Maclean Technology sheds 'handful' of staff

IT services company says advances in automation have partly allowed 'minor restructure'

IT services company Maclean Technology has made “a handful” of its staff redundant in what the company describes as a “minor restructure”.

Maclean Technology CEO Chris Maclean replied in an email to an enquiry from Computerworld that a “small number of roles” were made redundant last Friday.

“Some of the reduction in overhead has been made possible by some major advances in automation achieved since the introduction of our new service automation tools over the past three months,” Maclean continued. “These have allowed us to streamline some core business processes that previously required heavy administration but are now largely automatic.”

Asked how many positions would be lost, Maclean would only say that it was “a handful”, adding that half of the staff affected would be re-hired in other positions.

He also refused to confirm the staff headcount following the restructure, saying the “net loss of staff isn’t substantial”.

Last September, Maclean Technology employed over 40 staff, according to its website. The company was formed following the demise of Maclean Computing last year.

Maclean Computing was founded in 1993 by Allan and Kevin Maclean. The company employed 72 staff when Chris Maclean took over as CEO from his father, Allan Maclean, in 2009.

Maclean Computing went into liquidation on Friday July 13, 2012, owing suppliers, vendors, partners, some staff and other unsecured creditors $953,000. The following Wednesday the company announced that its assets were being sold to Maclean Technology Limited, a company which listed Chris Maclean and his business partner Matthew Bellingham as directors.

Comments

Anonymous

1

Many more such advances and the company will be down to 4 staff, 1 engineer and 3 managers...

Anonymous

2

Perhaps not everyone in the marketplace likes the idea of dealing with a Phoenix company? Maybe they would like to partner with an entity that pays its suppliers, and treats it staff well, as well as being clear, open and honest in its treatment of customers.

Anonymous

3

Never heard of them.

Anonymous

4

Hardly worthy of front page news CW. I think we've all heard enough of Maclean's for now. Why not let them be for a while and let them get on with rebuilding unencumbered by poorly-informed bitterness and scavenging competitors?

Anonymous

5

www.Companies.govt documents shows it went down for $2.6mil. Sad.

Anonymous

6

Zero Down appear to have also followed MacLean's by going into Liquidation. Except this time Ricoh seem to have purchased them. Better outcome for the customers this time.

Anonymous

7

How can they be allowed to get away with this, does worry me that an IT company cannot keep their own website updated. Site reads "Maclean has 50 staff, servicing over 200 business customers" by my count less than 20 staff now and lucky to have any customers? More Hocus pocus?

Anonymous

8

Did this impact Mcleans too?

timmy

9

There is clearly some sportsmanship going on in this thread..... Macleans are partly owned by Matthew Bellingham who owns his own accounting firm..so the fact that the head accountant has left merely supports the CEO's statement about pruning off admin staff?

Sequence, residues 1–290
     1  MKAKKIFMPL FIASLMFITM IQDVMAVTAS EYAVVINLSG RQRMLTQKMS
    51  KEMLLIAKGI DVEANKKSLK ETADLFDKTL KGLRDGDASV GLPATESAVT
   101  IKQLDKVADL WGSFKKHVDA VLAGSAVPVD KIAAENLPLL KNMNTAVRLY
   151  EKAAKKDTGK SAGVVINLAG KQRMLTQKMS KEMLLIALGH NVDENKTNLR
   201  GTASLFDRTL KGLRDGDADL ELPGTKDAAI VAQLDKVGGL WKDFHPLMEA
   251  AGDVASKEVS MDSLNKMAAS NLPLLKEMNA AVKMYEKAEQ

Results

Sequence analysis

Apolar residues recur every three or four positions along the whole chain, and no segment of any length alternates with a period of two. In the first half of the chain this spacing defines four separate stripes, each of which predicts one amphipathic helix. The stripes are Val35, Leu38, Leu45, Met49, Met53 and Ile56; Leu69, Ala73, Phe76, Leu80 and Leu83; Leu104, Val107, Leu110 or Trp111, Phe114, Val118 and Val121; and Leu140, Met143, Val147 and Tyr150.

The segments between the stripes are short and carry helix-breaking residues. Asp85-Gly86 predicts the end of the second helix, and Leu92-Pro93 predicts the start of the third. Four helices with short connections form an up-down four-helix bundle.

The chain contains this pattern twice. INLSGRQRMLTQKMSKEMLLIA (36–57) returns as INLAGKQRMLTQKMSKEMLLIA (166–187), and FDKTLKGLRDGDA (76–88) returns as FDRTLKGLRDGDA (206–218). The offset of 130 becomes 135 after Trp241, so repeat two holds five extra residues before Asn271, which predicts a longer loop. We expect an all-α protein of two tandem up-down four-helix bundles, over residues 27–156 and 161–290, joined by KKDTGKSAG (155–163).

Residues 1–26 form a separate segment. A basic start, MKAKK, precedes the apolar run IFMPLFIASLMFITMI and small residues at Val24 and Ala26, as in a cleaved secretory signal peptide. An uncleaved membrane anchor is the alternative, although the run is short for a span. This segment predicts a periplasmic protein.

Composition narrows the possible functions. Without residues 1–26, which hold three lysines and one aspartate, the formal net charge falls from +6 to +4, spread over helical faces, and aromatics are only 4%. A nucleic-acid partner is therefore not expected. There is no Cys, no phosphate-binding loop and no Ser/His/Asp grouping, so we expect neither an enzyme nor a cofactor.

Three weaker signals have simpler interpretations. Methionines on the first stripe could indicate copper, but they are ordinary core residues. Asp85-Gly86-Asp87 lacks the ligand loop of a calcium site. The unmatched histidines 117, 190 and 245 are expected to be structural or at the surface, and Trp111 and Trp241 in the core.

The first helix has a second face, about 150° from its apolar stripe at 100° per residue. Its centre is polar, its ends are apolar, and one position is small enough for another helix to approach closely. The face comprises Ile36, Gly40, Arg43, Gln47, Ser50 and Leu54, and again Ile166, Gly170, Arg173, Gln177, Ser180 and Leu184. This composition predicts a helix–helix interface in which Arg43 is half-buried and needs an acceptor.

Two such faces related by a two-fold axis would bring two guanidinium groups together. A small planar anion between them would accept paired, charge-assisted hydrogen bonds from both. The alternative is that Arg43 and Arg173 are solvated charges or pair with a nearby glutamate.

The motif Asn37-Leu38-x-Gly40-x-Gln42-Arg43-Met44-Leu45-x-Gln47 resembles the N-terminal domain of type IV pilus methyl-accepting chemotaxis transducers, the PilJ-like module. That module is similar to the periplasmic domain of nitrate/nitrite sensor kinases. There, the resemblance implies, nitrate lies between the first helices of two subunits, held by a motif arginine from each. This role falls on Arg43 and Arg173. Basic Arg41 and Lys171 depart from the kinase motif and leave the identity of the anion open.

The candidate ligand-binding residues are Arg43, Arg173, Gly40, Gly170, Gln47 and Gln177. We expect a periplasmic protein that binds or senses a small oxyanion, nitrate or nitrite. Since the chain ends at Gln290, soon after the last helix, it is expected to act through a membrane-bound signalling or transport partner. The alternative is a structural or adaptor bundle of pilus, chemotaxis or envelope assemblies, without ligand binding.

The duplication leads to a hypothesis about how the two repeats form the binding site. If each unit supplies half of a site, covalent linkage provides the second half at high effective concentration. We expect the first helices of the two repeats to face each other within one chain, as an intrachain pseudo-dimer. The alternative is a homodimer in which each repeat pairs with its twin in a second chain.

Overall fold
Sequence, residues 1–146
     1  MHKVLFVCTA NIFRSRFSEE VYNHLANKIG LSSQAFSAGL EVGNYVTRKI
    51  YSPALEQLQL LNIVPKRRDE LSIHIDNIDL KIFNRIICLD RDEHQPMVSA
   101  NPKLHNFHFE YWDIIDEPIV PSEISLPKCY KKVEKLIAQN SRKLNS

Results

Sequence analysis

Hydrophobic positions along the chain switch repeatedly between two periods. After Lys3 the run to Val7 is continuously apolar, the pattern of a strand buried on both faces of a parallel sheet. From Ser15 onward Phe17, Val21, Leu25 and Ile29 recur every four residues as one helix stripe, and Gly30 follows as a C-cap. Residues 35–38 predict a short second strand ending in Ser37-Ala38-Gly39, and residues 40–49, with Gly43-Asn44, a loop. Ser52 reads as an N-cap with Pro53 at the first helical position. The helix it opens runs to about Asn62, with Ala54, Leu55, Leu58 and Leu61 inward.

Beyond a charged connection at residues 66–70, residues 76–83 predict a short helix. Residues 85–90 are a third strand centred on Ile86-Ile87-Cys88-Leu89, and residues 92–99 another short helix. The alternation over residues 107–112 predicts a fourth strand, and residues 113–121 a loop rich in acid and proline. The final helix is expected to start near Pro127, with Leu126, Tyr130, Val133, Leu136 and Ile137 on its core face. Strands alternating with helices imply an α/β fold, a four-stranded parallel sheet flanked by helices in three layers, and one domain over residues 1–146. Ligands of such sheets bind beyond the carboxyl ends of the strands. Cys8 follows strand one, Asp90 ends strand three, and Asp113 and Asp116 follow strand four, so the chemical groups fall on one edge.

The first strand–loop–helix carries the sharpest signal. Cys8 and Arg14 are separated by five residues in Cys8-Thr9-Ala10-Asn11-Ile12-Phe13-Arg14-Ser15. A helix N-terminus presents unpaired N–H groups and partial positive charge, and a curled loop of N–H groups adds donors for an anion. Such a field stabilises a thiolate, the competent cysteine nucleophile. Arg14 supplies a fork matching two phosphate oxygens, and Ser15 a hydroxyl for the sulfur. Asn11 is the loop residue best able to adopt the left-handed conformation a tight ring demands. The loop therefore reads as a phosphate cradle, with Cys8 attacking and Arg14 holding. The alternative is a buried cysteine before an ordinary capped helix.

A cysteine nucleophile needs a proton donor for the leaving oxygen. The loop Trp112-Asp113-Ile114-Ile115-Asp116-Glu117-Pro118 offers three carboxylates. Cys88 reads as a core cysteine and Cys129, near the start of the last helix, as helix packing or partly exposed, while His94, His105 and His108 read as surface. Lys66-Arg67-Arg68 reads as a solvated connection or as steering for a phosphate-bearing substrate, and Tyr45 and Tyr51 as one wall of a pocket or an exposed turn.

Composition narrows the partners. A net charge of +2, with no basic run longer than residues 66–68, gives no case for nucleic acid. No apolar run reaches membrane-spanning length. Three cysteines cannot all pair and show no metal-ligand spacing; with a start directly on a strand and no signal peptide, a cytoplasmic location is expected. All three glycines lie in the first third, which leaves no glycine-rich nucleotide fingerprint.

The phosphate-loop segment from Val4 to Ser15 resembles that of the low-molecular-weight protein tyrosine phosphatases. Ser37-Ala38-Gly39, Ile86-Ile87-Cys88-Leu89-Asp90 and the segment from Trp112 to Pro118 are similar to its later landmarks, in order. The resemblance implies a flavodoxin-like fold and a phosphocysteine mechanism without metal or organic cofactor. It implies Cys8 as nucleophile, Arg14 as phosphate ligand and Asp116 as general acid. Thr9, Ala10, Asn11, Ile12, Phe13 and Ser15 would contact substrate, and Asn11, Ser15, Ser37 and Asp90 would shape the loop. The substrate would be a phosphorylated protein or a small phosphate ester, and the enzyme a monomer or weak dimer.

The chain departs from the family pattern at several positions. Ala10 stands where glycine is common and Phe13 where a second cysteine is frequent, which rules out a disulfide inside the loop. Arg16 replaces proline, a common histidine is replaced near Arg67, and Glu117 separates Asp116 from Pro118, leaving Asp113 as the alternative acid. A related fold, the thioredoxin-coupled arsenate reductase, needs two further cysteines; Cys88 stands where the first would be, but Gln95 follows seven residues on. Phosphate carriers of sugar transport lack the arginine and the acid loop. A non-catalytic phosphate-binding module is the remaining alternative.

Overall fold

Those in a position to judge are the current customers.....no one else!!!

Anonymous

10

wonder if any tech wholesalers have given these rogues much/any credit this time around?

Anonymous

11

This is such a simple story it's hard to imagine the problem with some of the people on here...unless of course you're a competitor who thinks this is a way to win business? Which is pretty sad.

Hopefully one last time because personally I am sick of this witch-hunting crap, here's what actually happened...
a) they borrowed a lot to buy the business and their building. It probably made sense at the time, but when the economy changed the banks lending rules changed, and the bank wanted a lot of money back in short order. They couldn't stump up with it. Not many people have over a million dollars liquid. So they had to fold.
b) they got robbed for something north of half a million dollars. That's hard-earned profit and a lot of money.
c) they made some mistakes. No one is perfect and they readily admit they made mistakes. They also made some good decisions and increased profits by half a million per year between 2009 and 2012.
d) all of the above led to the company failing
e) chris & co. bought the company and kept staff employed and customers from being without IT support. Yes it was done quickly. Perhaps someone would have paid more cash, but cash is only ever one part of a deal that includes looking after customer and staff commitments.
f) they couldn't pay all of the old companys debts. Not exactly rocket science. There is no way they could pay all those debts as well as their normal ones and survive. That money was lost the day it liquidated, and that's a business risk that all companies must accept if trading with credit.
g) They lost some customers. It happens in these sorts of situations. They also kept a lot of customers, which is a credit to them given the amount of crap that some of you folk having been throwing about.
h) They adjusted staff levels to meet the new customer base and to ensure it doesn't happen again.
i) Life goes on. Well it does for me, but then there's the people who are still bitching about something that happened in the middle of last year!

So, if you think you'll never make an investment mistake, can predict a recession, are immune to theft, and would have left your family, staff and customers to fend for themselves if your world went bung then good for you. They did the right thing in the circumstances. They are stand-up guys who I'd recommend to anyone.

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